No, it's perfect, then I don't have to remember. So definitely keep checking in and watch this space. Oh, my goodness, I'm realizing we have 10 minutes left and there's still so much more to talk about. Because we're focused on the art theme and I have to bring it back, although I think the intergenerational aspect of digital ownership and the legacy that leaves is really fascinating. I just wish we had two hours. But we have gotten some really interesting questions about culture and art and how digitalization changes that. So I think I'm going to read two of our questions at the panel. So I think they're connected to each other, and then we can take them where we will. So the first one from Josh is: Where do you see the generative art projects migrating or evolving to? Will they take the same shape in six months or change? And if so, how, in your opinion? Ad also, Carlos, I think I'd love for you to field this. We could also for those people tuning in who might not know, explain what generative art is, that would be great. And then the other question, which I think is tied to this is: What changes and what stays the same about the social construction and meaning of art with NFT's? Which is sort of the subtext of 50% of this conversation, really. So over to you guys.
Richard Entrup 48:26
I think the second one, I'm going to let Jason and Carlos go into the generative, Jason's a generative artist.
Carlos Marcial 48:31
I'm going to let Jason, I think he's the expert on that.
Richard Entrup 48:34
On the second one, I think what what changes from the art perspective, what is art? That's a whole other realm of discussion. I think Frank Zappa had a quote, if I may, quote, Mr. Zappa, he said, art is creating something from nothing and selling it. I'm not sure I totally agree with that. But art is very subjective. I think that digital art is not new, as I mentioned earlier. I think that the opportunity for that many more digital artists to come forefront now, not just be known because they got sold at Christie's or Sotheby's but to be known because of the platforms globally, I think is a great opportunity. If you look at some of this work, it can stand against, in my humble opinion, just about anything else that's been done in paint, only it's being done digitally. I'll also leave with this note: photography, when it first came out was technology. It wasn't an art form. It wasn't an art category. It was tech to capture moments in time for historical and archival purposes. Photography evolved into an art category. I think this may be the same thing to get people a little bit closer to how thi is technology and how it relates to art. And then lastly, there's some really great stuff happening in the AI machine learning space. I mean, you could mention one artists here. I think Rafiq Annadel, who's doing some amazing stuff, most recently with MoMA, where he basically took every MoMA painting there is and fed it through his AI models, and then the computer system generated this really beautiful artwork, I think it's a whole other realm of art opportunity. So it's very much art for sure. Maybe not to some old master purist sitting in an auction house, but I think it's a new medium, and only getting started.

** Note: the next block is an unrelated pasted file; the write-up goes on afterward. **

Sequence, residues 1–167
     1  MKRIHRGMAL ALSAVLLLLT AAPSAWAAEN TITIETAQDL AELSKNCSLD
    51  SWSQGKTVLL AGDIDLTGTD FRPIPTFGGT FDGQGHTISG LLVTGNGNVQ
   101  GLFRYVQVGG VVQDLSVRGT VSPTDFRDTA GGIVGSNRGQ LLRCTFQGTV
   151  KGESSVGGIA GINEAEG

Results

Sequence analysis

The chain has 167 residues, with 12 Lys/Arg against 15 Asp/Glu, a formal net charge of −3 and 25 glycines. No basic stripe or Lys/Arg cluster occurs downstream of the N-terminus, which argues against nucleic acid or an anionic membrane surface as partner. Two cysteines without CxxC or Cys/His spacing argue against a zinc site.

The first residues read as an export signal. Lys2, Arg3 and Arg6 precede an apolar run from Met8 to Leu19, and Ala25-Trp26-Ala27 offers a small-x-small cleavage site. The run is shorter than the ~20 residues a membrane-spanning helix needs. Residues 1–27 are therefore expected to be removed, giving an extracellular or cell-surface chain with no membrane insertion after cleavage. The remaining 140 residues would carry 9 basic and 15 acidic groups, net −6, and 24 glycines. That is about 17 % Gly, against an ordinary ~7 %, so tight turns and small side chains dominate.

Jason Bailey 50:18
Cool, yeah. And I'm happy to take the one on generative art. So the quick high level definition of generative art is it's art that's created through programming on a computer. So that often means because with computers, you can repeat processes over and over and over again in ways that would make a human sort of tired, you often get these really complex, rich images or aesthetics that are the result of being able to run a program over and over again. And often there's this balance between control and randomness, where you can sort of populate your your program with a certain amount of randomness. It was a pretty nerdy subsection of digital art that only people like me cared about for the last 25 years, that's sort of been my specialty. No one ever wanted to talk to me about it this year out of nowhere, not at all, not only did everyone get super excited about NFT's, which was another thing no one wants to talk to me about. But overnight, seemingly, everyone been obsessed with generative art, which is great, because what I've been trying to tell people for a while now about generative artists, if you could fast forward 100 years from now, and look back at our generation, let's just even say 1960 to like 2030, right? People aren't going to ask, who invented a new brushstroke or something like that, or some painting technique. They're going to look and see how our entire lives are changed, how we work, eat, sleep, drink, think, you know, everything has been shifted through digitization, right, this digital transformation that we've gone through,. And they're going to ask, who were the artists that actually used those new tools from that generation, computing at its core to actually reflect the world that we lived in and the changes that we went through. In my opinion, a lot of the most important artists of our generation for that reason are going to be generative artists. Now, what's interesting, that's sort of the positive. What's interesting, though, I think, whenever anything grows too fast, people maybe have some hard lessons to learn, right? So generative art, by its own nature can sort of infinitely produce output. You can produce one set of code a project can produce millions of images through output. And I think a lot of collectors that have gotten really excited about generative art don't realize how it works yet or what it is. And having spent 20 years with generate artists and studying generative art, making generative art, a lot of them that I talked to actually think of the code itself as the artwork for that reason, right? The images that it can produce are sort of just artifacts, which I guess is sort of where the word art comes from. But I think people don't quite realize just how that model works, where the often the artist thinks of the code that they've written as being the actual artwork, and it can produce sort of infinite outputs from that. So we may, because of the nature of generative art, we may see a pretty quick cycle of the whole world getting really excited about it. But the nature of generative art is that it can and does often flood its own market, because it's so easy to produce more from the same codebase. So yeah, little bit of a nerdy answer. But as a nerd about generative art, we're going to get a nerdy answer.